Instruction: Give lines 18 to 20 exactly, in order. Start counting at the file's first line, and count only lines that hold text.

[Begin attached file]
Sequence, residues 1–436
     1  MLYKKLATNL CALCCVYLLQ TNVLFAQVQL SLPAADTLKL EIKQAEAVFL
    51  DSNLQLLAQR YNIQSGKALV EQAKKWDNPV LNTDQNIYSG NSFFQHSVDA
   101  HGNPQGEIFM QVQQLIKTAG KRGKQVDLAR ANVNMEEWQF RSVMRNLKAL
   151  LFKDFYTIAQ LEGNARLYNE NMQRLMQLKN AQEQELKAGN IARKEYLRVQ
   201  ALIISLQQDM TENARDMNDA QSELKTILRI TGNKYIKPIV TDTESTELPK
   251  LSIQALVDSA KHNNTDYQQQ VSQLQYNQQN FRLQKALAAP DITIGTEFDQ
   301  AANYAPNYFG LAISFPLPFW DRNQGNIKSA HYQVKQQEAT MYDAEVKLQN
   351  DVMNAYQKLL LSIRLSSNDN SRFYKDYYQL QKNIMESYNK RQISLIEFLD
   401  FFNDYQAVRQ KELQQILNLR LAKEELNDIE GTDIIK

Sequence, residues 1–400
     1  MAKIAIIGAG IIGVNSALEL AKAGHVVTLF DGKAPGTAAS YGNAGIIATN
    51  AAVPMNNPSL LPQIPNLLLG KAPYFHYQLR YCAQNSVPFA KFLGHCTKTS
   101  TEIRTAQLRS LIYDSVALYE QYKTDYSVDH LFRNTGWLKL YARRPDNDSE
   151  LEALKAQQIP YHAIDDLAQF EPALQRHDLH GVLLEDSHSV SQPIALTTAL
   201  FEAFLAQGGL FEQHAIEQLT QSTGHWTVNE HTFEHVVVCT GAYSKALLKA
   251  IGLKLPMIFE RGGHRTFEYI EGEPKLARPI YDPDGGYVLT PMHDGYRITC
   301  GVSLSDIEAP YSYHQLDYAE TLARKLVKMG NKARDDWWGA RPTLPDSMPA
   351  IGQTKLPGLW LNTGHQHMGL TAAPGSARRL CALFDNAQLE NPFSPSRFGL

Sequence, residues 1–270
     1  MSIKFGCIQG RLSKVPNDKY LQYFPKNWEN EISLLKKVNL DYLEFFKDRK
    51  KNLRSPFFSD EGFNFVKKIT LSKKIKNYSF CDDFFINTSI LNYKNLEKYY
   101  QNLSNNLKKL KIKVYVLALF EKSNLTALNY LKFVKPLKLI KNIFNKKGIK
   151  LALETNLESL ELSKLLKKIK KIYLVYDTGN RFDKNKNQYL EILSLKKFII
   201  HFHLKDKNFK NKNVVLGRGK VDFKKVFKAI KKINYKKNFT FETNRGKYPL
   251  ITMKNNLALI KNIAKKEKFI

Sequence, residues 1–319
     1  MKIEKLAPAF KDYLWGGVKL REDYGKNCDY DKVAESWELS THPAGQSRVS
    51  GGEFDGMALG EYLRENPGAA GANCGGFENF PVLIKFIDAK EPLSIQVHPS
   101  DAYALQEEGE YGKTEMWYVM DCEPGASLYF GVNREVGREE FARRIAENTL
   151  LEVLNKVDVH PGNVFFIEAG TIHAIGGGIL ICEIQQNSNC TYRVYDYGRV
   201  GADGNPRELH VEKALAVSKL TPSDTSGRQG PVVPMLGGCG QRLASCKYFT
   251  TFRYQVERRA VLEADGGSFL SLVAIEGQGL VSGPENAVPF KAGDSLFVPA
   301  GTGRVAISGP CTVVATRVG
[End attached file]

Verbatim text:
   301  GVSLSDIEAP YSYHQLDYAE TLARKLVKMG NKARDDWWGA RPTLPDSMPA
   351  IGQTKLPGLW LNTGHQHMGL TAAPGSARRL CALFDNAQLE NPFSPSRFGL

Sequence, residues 1–270